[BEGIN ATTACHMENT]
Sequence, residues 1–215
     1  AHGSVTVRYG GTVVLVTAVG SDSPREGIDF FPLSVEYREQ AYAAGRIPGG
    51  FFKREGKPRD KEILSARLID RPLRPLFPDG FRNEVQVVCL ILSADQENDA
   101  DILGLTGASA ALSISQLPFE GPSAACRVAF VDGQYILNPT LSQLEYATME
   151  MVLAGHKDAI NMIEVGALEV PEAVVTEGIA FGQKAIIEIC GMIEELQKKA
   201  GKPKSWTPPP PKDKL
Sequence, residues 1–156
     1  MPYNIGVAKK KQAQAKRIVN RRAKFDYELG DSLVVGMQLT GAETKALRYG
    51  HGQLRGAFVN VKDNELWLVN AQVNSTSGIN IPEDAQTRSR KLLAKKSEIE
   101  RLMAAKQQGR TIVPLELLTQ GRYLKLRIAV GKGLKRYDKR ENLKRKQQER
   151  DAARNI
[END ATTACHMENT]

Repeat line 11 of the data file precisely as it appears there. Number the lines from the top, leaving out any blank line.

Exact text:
   151  DAARNI